Mayer said that some of the coaches she worked with in England are planning on visiting the U.S to see the players they worked with and watch their club games.

“There’s really no words for that,” Mayer said. “The coaches were amazing. It was weird how you were able to build such close relationships with people in just a week. I still keep in touch with them. They were checking on me after I got injured about how physical therapy was going and just keeping up with me. They legitimately care about their players.”

Mayer’s team was able to match up with local teams and even compete against players in their 20s, while being exposed to a different style of the beautiful game.

“One thing I love about soccer, especially women’s soccer, is that there is a lot of passing,” Mayer said. “It’s more of a mental game. (In England), it was a lot of footwork. They were very technical. We would throw in a move every now and then, but it more about connecting passes, but for them, it was like, they were holding on to the ball and only releasing it if they needed to.”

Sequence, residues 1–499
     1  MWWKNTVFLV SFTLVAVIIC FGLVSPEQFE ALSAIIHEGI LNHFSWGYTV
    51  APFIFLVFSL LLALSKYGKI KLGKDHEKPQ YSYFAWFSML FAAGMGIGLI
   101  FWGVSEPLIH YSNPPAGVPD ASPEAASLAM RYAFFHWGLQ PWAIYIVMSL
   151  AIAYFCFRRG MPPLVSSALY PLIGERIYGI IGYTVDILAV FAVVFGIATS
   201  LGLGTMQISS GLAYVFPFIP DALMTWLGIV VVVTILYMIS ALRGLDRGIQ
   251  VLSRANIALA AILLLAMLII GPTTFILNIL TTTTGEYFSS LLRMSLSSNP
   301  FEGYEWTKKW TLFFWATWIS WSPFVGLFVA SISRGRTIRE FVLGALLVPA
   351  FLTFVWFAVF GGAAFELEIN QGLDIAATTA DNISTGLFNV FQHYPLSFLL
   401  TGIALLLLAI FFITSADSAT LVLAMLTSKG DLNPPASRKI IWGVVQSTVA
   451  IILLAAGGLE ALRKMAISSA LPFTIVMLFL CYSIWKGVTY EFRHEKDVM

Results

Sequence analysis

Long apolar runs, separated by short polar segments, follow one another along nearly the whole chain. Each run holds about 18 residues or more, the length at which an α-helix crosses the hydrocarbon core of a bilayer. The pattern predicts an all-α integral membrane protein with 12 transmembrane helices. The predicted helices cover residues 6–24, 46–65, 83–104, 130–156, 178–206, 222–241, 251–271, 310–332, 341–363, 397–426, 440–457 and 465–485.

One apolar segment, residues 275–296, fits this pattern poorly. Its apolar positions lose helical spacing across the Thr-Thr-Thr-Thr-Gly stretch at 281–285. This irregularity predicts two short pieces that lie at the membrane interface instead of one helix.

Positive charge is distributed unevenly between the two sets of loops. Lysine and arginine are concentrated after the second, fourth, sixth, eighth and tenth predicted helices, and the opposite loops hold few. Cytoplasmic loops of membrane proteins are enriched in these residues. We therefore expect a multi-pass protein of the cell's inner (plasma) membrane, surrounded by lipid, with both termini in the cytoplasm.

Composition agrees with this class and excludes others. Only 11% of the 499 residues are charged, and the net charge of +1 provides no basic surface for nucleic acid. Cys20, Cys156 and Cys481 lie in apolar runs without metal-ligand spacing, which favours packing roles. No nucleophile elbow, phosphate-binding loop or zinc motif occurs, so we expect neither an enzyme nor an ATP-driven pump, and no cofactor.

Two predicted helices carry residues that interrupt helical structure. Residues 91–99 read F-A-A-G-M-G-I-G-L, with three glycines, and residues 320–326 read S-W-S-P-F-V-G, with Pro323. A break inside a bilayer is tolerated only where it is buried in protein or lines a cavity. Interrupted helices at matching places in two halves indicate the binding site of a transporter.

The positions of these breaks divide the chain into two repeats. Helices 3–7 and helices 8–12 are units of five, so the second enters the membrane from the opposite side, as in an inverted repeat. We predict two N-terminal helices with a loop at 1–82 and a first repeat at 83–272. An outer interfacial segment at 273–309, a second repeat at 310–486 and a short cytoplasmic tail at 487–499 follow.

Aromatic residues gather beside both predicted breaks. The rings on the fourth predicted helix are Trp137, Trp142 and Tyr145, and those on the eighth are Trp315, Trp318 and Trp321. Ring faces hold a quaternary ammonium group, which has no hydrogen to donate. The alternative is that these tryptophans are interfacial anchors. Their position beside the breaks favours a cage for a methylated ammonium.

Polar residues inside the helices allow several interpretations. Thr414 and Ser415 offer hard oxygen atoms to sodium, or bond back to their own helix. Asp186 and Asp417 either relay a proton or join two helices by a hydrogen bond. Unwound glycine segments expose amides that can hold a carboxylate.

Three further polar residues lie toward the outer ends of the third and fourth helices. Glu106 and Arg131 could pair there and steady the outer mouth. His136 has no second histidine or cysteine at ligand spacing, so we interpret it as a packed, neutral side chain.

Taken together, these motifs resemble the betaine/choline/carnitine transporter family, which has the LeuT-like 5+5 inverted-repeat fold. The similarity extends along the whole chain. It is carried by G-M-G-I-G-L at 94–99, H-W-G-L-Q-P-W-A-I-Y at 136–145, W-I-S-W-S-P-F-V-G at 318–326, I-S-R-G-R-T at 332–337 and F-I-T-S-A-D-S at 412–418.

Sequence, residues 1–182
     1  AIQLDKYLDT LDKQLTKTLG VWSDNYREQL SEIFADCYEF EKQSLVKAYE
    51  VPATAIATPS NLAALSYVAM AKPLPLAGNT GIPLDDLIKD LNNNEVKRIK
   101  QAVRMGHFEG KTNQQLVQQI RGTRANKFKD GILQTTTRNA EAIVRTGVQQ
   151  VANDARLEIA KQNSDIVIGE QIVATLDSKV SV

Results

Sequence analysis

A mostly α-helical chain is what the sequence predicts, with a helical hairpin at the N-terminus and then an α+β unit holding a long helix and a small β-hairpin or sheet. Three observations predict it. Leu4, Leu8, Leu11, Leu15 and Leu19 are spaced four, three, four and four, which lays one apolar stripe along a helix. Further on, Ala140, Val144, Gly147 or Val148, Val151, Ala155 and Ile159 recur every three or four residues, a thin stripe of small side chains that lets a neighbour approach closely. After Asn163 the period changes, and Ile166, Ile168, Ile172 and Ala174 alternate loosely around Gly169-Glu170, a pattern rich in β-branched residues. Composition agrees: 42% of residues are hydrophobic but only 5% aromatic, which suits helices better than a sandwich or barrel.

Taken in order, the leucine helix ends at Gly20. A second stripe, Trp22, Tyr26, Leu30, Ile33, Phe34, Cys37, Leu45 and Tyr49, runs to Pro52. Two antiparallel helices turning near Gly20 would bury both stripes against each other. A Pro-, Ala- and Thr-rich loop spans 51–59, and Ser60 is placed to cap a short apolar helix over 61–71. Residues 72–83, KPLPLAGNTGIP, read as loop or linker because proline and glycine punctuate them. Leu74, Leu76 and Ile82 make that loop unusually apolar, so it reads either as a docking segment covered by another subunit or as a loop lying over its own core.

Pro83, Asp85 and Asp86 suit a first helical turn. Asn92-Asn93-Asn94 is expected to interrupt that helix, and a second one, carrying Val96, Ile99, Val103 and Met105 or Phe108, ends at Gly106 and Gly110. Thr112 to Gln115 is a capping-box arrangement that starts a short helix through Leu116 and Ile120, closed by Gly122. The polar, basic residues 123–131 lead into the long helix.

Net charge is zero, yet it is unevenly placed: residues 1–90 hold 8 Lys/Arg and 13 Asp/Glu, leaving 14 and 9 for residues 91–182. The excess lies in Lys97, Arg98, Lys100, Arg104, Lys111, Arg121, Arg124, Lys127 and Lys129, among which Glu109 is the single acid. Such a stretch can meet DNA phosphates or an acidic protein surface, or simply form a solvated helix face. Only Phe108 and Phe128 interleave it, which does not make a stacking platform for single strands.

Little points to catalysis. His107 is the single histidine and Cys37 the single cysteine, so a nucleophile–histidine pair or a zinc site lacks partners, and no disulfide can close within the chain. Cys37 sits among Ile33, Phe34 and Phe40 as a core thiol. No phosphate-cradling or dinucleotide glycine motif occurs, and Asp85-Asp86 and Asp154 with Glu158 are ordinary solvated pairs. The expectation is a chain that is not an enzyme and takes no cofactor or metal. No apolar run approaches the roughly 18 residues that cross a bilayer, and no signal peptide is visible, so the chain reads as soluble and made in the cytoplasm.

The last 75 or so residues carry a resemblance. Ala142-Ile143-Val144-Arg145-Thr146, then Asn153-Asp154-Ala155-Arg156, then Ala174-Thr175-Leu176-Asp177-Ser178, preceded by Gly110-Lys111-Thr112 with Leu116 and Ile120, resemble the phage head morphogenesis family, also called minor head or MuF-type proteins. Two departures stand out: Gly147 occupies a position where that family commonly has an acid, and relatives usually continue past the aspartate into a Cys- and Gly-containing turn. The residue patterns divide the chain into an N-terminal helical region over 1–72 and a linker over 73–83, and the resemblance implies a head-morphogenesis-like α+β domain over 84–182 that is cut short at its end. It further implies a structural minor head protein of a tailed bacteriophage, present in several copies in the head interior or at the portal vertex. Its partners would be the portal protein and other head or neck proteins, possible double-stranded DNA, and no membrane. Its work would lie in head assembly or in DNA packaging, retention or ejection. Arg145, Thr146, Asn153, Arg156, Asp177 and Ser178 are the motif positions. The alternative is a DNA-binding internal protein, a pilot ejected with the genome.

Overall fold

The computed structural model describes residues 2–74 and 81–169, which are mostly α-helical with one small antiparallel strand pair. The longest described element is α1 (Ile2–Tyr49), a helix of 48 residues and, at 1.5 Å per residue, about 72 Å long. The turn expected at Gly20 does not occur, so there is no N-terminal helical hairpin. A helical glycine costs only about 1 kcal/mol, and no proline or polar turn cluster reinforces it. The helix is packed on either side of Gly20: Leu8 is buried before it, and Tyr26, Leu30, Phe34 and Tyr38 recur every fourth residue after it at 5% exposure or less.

‘ABBY, IT’S LYNN WILLIAMS’

Several weeks before she left for England, Mayer was participating in a camp at Wingate University. She had just finished up playing in an All-Star game and was winding down when she looked at her phone and saw that she had several missed calls and Facetime requests.

They were from her Person coaches Lauren Weaver and Paige Cox.

Weaver and Cox went to see the Carolina Courage, the National Women’s Soccer League team based in Cary, and were hanging around talking to players after the game.

It just so happened that they were chatting with Mayer’s favorite player, forward Lynn Williams. The topic of conversation turned to the Rockets’ outstanding junior forward, and the Person coaches got an idea, and handed Williams the phone.

Mayer returned the missed calls, and couldn’t believe she was actually talking to her idol — seriously.